It’s not just a recent phenomenon, either. Since the 1980s, rates of corporation tax across the Western world have slid inexorably.
The problem with the “evil corporations, spineless politicians” narrative is that, at the same time, revenues have gone up – as Daniel Mahoney pointed out this week.
This is the Laffer Curve in action. Corporation tax, for all those years, was set at a level that discouraged economic activity. Lowering the rates turned out to stimulate people’s appetite for profit. And, of course, there was an element of beggar-thy-neighbour, as countries competed to be the most friendly environment for investment.
So why not cut it to zero? As Helen Miller, head of tax at the Institute for Fiscal Studies, points out, “corporation tax at the lower end bumps up against the rest of the tax system”. If companies pay less tax than people, then people will turn themselves into companies: Dave the Builder becomes David Bloggs Construction Enterprises Ltd. The work is the same, but the money comes out as a dividend rather than a salary – and the taxman gets far less of it.
Hammond put the current cost of such “incorporation” to the Treasury at over £6 billion a year – but said it would soar to £9.5 billion by 2021-22. Hence the decision to reduce the tax-free allowance for such dividends from £5,000 to £2,000, in order to push people back into PAYE.
But the real problem with corporation tax is not its level, but its basic design.
The advantage of such a tax for government, says Gavin Ekins of the Washington-based Tax Foundation, is that it is fairly easy to administer. You have large companies, with good records, which are easy to monitor.
But there’s also a problem: namely, where is the value you’re taxing actually created? If Apple builds an iPhone in Taiwan, using raw materials from Australia and advanced components from Brazil, to a design thought up in California (but partially in Oregon), then markets it in the UK, via a company based in Ireland, where is the value created? (This is without even getting into the licensing and buying-back of intellectual property rights, or any number of other accounting dodges.)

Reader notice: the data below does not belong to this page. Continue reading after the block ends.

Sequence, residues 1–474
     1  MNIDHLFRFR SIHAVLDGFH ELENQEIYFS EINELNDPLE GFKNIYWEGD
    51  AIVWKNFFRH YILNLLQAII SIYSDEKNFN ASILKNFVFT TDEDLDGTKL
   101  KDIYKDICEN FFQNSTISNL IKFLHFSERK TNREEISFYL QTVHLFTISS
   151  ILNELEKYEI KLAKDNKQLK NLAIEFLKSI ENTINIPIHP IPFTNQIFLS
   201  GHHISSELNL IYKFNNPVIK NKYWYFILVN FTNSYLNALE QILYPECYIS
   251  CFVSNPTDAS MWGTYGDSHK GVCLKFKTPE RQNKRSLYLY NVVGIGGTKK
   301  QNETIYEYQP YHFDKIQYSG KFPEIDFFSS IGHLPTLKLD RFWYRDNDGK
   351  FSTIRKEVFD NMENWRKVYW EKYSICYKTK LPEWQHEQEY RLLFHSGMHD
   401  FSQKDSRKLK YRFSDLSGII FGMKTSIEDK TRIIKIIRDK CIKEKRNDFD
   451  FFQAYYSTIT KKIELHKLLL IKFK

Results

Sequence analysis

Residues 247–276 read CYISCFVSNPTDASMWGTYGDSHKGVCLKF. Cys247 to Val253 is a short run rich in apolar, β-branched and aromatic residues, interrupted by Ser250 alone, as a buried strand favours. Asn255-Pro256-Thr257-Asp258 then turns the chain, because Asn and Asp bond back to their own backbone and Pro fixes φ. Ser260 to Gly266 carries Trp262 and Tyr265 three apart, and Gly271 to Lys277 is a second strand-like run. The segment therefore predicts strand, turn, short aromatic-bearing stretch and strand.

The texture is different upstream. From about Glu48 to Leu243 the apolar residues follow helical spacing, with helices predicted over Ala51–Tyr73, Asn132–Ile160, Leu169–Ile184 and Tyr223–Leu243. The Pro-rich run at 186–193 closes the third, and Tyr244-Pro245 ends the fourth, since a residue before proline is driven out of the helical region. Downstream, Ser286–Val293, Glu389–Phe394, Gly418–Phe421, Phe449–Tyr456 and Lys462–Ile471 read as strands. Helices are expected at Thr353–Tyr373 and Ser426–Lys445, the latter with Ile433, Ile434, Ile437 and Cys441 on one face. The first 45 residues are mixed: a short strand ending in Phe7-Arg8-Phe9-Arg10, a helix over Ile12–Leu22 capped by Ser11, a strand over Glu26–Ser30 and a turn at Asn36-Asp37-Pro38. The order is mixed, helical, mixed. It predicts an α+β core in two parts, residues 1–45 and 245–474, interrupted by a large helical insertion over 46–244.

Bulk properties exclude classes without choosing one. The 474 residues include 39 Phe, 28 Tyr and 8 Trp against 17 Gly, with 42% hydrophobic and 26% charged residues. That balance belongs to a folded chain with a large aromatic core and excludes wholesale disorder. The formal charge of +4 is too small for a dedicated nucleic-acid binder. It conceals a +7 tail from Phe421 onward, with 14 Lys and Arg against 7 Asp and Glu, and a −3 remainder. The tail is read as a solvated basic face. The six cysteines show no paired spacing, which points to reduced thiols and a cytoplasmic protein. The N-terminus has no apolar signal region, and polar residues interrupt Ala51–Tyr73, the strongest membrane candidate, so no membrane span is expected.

The international tax system, says Helen Miller, “is designed for manufacturing companies that ship physical goods”. It’s based on trying to assess the value added at every stage in the supply chain – but “trying to measure where the value is created is a fool’s game in today’s world”.
And the weird thing about this – the very weirdest thing of all – is that the person who’s speaking most sense on this turns out to be Donald Trump. (Or at least the Republicans who are doing his policy thinking for him.)
Everyone is talking about Trump’s plans for “border adjustment” as part of his general and nakedly terrifying war on free trade.
But actually, it’s something rather different. At its heart, as Republican leader Kevin Brady explains, border adjustment is based on the idea that you forget about all the rest of the fiddle-faddle and take your tax where you can be absolutely sure that the economic activity happened: when someone bought or sold something.